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The next impeachment of the Commons, a degradation - The

hunting down a Lustring Company-Disputes between the
two Houses on points of ceremonial respecting the trial—'
The loftier flight of the Cominons in their next assault,
that of Lord Chancellor Somers-His impeachment taught
a great constitutional lesson, the responsibility of Minis-
ters of the Crown-Futile in its immediate consequences
and disgraced by faction—A still more important national
question discussed on the impeachment of Dr. Henry
Sacheverell-The subject's duty of passive obedience-
The Crown's hereditary right tried in this feigned issue-
Complete analysis of this important trial-Of the articles
and speeches of the managers-Palm of eloquence awarded
to Serjeant Parker- Able defence of Harcourt and Phipps
-Dramatic

power

of the Doctor himself— Arrayed in per-
sonal advantages--Specimen of his pathetic peroration-
Its effect-Rejoinder of the indignant managers—The
sentence a mockery of punishment-Memoir of this lucky

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CHAPTER XI.

Impeachment of Lord Chancellor Macclesfield for corrupt prac-

tices—Amusing but degrading interviews between the

Masters in Chancery and the Chancellor's private Secretary

--Douceurs freely asked and freely given, say £2,000,

sometimes 3, or £5000—Defence of the Chancellor rather in

extenuation than denial-Unanimously convicted-Justice

of his condemnation and sentence questioned by Bishop

Pierce-Memoir of the unfortunate Earl-Parliament

breathed awhile—In 1746 impeached Lord Lovat of High

Treason—The Speaker went up for the last time in the

annals of Parliament, to demand judgment against that

double traitor-Subsequent fruitless impeachments glanced

at—That of Warren Hastings—The first which ended in an

absolute acquittal-His acquittal just-Also that of Lord

Melville, an excellent Public Minister—The power of im-

peaching in abeyance, like the royal veto, or privilege of

refusing the Supplies

· 318

CHAPTER XII.

Internal economy of the House reviewed – Number of Men-

bers formerly in constant fluctuation—Their attendance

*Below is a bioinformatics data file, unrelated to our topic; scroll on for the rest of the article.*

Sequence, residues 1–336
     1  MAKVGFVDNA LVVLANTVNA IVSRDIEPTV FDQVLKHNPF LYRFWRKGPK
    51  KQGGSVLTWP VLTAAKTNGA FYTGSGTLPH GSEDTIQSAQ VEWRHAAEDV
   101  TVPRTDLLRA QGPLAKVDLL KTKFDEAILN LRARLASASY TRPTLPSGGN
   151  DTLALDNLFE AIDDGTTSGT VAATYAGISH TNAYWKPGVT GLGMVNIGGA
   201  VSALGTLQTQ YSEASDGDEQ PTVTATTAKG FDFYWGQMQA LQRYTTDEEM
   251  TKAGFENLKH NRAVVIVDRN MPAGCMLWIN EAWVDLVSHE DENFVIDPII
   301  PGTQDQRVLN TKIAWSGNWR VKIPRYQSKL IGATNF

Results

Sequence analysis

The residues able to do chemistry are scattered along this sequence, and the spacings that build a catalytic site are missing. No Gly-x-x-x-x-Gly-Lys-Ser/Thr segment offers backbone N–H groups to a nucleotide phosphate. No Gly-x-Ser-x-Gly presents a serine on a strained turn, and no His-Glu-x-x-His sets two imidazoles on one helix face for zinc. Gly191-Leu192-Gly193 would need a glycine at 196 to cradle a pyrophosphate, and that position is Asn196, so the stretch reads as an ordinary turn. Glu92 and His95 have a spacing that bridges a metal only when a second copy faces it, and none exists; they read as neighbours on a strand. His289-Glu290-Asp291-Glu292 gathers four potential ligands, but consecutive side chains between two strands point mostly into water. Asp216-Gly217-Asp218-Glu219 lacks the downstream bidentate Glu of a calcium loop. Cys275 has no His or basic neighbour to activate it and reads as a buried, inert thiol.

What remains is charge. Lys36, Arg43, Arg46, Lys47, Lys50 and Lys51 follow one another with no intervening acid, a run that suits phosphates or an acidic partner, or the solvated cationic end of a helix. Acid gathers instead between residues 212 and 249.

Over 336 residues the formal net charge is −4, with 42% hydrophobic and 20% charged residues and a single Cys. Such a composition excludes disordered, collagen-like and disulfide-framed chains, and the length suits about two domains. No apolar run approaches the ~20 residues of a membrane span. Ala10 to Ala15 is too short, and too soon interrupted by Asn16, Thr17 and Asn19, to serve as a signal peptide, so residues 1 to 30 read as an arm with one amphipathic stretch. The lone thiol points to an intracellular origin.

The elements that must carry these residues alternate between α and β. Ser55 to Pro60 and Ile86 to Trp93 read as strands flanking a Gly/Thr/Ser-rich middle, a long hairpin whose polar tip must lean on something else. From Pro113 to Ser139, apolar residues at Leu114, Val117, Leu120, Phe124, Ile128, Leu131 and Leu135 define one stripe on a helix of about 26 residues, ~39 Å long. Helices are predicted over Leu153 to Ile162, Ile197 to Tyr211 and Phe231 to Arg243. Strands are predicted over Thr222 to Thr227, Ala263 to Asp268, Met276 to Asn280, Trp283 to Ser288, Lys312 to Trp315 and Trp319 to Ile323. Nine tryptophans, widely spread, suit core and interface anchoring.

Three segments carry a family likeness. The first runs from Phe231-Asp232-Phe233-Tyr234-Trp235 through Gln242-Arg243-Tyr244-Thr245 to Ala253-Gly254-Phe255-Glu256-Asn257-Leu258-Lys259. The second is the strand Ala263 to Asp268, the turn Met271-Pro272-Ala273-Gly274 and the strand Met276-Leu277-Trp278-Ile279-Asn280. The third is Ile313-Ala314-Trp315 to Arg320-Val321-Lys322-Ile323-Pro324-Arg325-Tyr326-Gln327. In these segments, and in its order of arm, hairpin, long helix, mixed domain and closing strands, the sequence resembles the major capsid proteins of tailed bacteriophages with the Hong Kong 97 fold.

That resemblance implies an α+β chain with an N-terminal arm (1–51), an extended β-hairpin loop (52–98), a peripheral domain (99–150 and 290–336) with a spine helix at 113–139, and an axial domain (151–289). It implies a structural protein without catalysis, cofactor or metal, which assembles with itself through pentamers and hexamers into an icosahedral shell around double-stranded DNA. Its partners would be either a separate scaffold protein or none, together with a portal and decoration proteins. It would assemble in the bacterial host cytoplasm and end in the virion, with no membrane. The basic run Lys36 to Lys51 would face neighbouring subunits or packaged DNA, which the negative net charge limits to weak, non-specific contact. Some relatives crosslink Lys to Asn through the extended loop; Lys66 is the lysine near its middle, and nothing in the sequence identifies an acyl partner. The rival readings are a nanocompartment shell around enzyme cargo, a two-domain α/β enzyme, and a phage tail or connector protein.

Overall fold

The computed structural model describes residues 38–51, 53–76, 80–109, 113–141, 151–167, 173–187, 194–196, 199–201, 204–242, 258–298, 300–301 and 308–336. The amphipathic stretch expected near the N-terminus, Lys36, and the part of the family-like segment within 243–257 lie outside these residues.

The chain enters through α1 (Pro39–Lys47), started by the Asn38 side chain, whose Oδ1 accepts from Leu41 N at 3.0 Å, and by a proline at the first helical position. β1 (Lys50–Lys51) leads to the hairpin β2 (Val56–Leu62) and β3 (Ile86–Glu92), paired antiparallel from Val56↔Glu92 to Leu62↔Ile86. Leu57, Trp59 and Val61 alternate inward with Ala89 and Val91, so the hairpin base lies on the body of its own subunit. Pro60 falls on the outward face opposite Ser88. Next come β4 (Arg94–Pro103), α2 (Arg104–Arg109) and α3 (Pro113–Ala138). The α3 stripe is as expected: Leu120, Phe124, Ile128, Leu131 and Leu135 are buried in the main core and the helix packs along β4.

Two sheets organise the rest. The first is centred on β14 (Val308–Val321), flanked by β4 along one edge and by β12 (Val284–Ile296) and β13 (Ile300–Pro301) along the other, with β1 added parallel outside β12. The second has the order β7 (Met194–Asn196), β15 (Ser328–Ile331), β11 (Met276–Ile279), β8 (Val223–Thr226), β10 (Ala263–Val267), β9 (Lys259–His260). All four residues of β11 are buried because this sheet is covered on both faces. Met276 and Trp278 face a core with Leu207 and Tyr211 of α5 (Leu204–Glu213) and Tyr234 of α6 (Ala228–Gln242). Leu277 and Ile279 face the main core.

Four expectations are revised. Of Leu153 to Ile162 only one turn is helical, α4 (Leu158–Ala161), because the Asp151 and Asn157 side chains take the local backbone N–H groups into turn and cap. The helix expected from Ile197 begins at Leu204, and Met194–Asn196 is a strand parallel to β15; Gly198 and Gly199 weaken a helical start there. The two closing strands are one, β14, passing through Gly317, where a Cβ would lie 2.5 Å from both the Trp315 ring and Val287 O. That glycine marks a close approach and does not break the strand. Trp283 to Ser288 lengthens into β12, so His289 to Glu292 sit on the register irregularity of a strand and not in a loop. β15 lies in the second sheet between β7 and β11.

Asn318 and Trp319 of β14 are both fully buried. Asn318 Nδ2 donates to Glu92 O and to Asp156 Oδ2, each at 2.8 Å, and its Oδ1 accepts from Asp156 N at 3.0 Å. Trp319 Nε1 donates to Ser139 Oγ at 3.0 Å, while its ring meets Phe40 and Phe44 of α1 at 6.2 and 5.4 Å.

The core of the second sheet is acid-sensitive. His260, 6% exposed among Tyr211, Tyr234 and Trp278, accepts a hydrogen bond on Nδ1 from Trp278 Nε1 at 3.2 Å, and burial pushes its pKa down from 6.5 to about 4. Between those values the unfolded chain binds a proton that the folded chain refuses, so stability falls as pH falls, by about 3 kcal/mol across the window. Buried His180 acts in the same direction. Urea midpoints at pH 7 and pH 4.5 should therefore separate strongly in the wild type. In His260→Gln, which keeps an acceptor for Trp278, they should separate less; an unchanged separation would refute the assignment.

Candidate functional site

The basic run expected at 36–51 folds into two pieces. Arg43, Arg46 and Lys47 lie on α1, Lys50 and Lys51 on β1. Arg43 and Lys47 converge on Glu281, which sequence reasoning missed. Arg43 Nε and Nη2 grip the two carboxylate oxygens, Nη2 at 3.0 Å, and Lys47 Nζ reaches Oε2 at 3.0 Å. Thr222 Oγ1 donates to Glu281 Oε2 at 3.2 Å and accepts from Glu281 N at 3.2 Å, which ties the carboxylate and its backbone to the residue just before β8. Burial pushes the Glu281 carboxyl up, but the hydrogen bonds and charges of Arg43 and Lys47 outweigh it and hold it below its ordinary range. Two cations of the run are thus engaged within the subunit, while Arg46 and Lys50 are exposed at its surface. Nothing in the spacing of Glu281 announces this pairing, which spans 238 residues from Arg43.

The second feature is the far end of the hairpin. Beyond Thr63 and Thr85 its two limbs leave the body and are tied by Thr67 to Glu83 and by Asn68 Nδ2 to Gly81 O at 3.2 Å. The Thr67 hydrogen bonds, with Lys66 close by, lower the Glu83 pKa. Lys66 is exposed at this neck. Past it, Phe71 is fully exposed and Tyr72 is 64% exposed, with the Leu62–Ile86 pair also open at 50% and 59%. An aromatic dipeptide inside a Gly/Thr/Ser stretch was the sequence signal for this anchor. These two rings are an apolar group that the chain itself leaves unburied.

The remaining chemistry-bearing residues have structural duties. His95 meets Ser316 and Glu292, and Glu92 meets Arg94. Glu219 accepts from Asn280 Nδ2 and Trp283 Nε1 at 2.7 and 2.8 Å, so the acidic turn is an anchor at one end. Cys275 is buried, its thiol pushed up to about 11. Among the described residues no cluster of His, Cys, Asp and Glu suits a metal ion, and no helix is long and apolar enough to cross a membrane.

irregular, but strictly enforced-Excuse for absence during

Multiplication of orators checked by fear of failure and modern

fastidiousness—Instances, Mr. Ward and Gibbon-Also by
two useful Statutes, that of William III., annulling the
elections of all under twenty-one years of age, and that of
Queen Anne requiring a qualification in land from all
Members, excepting a few classes—The House formerly
crowded with minors—Quaint remonstrance of Recorder
Martin against the growing evil at its zenith in the reign
of Charles II.-Senators of fourteen--Prynne's pamphlet
-Indignant at being thrust aside to make way for grand-
children- Persons of quality smuggled into the House
after the Statute before the statutable age-Examples in
Lord Chesterfield and Fox— The great orators, with the
exception of Burke, all entered Parliament young-Happy
results to oratory from the blending together of young
speakers with the Fathers of the House The limits set
upon age more felicitous than those of ancient or conti-
nental senates—The Statute of Anne an excellent correc-
tive against the influx of too many young and handsome
adventurers-Importance of a wealthy aristocracy in Par-
liament-Undue importance attached by our ancestors to
the possession of large landed property-Examples—Con-
tempt for mere delegates illustrated in the composition of
the States General— Paradox of Soame Jenyns—Disap-
pointment of a stranger at the carelessness of Members'
dress and demeanour-Anecdotes of former strictness-

MEMOIRS

OF

THE HOUSE OF COMMONS.

CHAPTER I.

In the long gallery of Parliamentary Portraits, in that department at least appropriate to the eminent lawyers of the House, there are none of greater in. terest than the two chancellors, who illustrated the reigns of Queen Anne and George I, with their eloquence-Harcourt, and Cowper. Descended alike from ancestors of rare antiquity, rivals in Westminster Hall, antagonists in St. Stephen's Chapel, the leading champions of their party, still more renowned in the senate than the forum, and elevated by their oratory to the height of legal ambition, they might be compared together after the manner of Plutarch, though their political character affords rather a subject of marked contrast than comparison. Unscrupulous as a public man, unprincipled, unstable, at the suggestion of selfinterest versatile, a renegade on calculation, Lord Harcourt has left a name, which it required a century of merit in his descendants to redeem from ignominy, The mild, disinterested, course of Cowper, beaming with public virtue to the close, and never shadowed

VOL. II.

B

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